No. 12358. Breguet Br 730 (c/n 01)
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Breguet Br 730

04/30/2014. Remarks by Johan Visschedijk: "On May 10, 1935, the French Admiralty issued a specification calling for a Long-range Maritime Reconnaissance and Transport Flying Boat of twenty metric tons weight. Projects intended to fulfill the requirements of this specification included the Potez-CAMS 141, the Latécoère 610, the Lioré et Olivier LeO H-440 and the Breguet 710.

The Br 730 was a modification of the Br 710, a large gull-wing monoplane but changes in the specification announced in December 1935 necessitated extensive redesign in order to meet the new requirements. The structure was simplified, the gull configuration of the wing was eliminated, and gross weight was increased to twenty-three metric tons. The Br 730 prototype construction began in October 1936.

The box-spar wing, which housed 4,873 gal (18,450 l) of fuel, incorporated a tunnel in the leading edge through which the flight engineer could reach the engines in flight, and was built at Villacoublay, and the hull, floats and tail assembly were built at Le Havre. Engines one and three were fourteen-cylinder air-cooled radial Gnome-Rhone 14N-2s; while two and four were 14N-3s with airscrews rotating in the opposite direction, these being rated at 1,010 hp at 4,921 ft (1,500 m).

Proposed armament comprised a 0.984 in (25 mm) cannon in a turret above and aft of the flight deck, and five 0.295 in (7.5 mm) Dame machineguns firing through two portholes beneath the flight deck, two portholes immediately aft of the wing, and a ventral trap aft of the rear step. Additional four 441 lb (200 kg) bombs could be carried.

The prototype, the Br 730-01, flew for the first time on April 4, 1938, at Le Havre. A little more than three months later, however, on July 16, 1938, the prototype was disemboweled when its pilot inadvertently landed the aircraft in shallow water. Despite this accident, a contract was placed for four production machines early in 1939, and in the following September this was augmented by a further contract which called for unlimited production of the flying boat.

In the spring of 1940, it was decided that, as the flying boat would be operating for the most part outside the range of land-based fighters and losses should therefore be low, the planned production rate would be reduced in order that Breguet could devote more energy to the manufacture of more urgently needed combat types. At this time, hull production had been initiated at the Toulouse-Montaudran plant of the Latécoère company, at that time an associate of Breguet. The production hull differed from that of the prototype in minor respects only, and four were virtually complete when the capitulation of June 25, 1940, brought production to a halt.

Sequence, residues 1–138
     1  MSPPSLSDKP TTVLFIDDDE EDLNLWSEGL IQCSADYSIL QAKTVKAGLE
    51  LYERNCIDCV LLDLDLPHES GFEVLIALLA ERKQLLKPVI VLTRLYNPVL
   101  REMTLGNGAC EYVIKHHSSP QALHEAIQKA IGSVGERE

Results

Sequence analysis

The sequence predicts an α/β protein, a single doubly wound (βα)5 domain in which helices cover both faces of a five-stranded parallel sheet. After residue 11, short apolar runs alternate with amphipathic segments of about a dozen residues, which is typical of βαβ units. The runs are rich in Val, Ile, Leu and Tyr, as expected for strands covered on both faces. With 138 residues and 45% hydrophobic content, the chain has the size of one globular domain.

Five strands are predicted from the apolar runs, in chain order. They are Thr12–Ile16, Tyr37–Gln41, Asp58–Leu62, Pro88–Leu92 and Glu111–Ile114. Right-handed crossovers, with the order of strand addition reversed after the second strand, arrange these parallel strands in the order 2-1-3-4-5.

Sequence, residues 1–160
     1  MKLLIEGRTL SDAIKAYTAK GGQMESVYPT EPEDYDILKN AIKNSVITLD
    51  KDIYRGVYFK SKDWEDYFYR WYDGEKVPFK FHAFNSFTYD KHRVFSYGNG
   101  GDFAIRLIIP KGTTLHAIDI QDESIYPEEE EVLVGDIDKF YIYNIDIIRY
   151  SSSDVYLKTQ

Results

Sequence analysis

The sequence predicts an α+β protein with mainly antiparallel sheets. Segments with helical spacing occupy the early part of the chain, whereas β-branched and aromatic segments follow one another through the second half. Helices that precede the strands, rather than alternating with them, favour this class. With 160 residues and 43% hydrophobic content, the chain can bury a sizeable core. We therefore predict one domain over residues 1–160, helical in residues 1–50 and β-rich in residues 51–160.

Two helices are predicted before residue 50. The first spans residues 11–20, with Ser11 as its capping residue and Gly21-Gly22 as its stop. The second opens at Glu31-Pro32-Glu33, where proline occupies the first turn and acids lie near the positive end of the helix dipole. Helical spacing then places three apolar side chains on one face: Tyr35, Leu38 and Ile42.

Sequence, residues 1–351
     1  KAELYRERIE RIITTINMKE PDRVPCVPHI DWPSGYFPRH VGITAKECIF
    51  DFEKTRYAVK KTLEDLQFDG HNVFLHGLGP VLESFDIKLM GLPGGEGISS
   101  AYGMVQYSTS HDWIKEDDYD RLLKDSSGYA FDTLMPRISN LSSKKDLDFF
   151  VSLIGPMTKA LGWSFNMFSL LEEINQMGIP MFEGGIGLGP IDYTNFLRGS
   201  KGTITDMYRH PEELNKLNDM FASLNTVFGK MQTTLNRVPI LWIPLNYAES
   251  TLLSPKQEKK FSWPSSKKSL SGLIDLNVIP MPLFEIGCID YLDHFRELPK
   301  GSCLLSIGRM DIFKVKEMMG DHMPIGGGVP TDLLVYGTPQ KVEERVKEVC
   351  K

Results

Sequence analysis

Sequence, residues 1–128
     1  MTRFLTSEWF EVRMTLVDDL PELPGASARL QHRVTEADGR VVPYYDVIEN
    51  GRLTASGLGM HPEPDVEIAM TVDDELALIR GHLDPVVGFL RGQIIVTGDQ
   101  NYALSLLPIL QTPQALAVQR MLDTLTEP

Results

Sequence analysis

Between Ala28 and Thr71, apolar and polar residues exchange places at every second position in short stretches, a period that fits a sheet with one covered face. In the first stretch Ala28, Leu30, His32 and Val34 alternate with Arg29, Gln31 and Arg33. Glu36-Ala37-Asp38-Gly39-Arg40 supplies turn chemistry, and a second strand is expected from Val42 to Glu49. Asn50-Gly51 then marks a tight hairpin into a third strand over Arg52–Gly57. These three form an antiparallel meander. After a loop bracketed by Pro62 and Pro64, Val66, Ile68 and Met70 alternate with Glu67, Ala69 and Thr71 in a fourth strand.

Production was resumed on behalf of the Vichy government in 1941, and during the following year the hull of the first production machine and the salvaged wing of the prototype were transported to the Berre naval air station where they were mated to result in the Br 730 No.1. Powered by four 1,120 hp Gnome-Rhone 14N 44/45 engines, the Br 730 No.1 was ready to fly when German forces occupied Vichy France, thus preventing tests.

In the meantime, production work at Toulouse-Montaudran continued at a tempo sufficiently slow to delay the completion of further machines in case of a sudden Luftwaffe interest in the type, but not so slow as to result in the drafting of the personnel to German factories. Of the eleven hulls that had reached various stages of construction when an Allied air attack seriously damaged the plant on April 6, 1944, three survived. During the last days of August 1944, the retreating German forces sabotaged the Berre naval air station but, fortunately, the Br 730 No.1 suffered only minor damage, and flight trials began on Berre Lake in December 1944.

Official acceptance trials were completed in mid-February 1945, and the Br 730 No.1, christened Vega, was delivered to Flottille 9FTr. One of the three hulls that had survived the bombing attack was eventually transported to Biscarosse for completion as the Br 730 No.2, christened Sirius, this aircraft flying for the first time in May 1946, and the two remaining hulls were fitted with redesigned fuselage nose, modified floats and 1,350 hp Gnome-Rhone 14R200/201, and completed under the designation Br 731. These were eventually delivered to Escadrille 33S and christened Altair and Bellatrix. These were eventually scrapped, as was also the Sirius, but the Vega crashed in North Africa in December 1948 when serving in the long-range communications role. The following specification relates to the Br 730 No.1.

Created April 30, 2014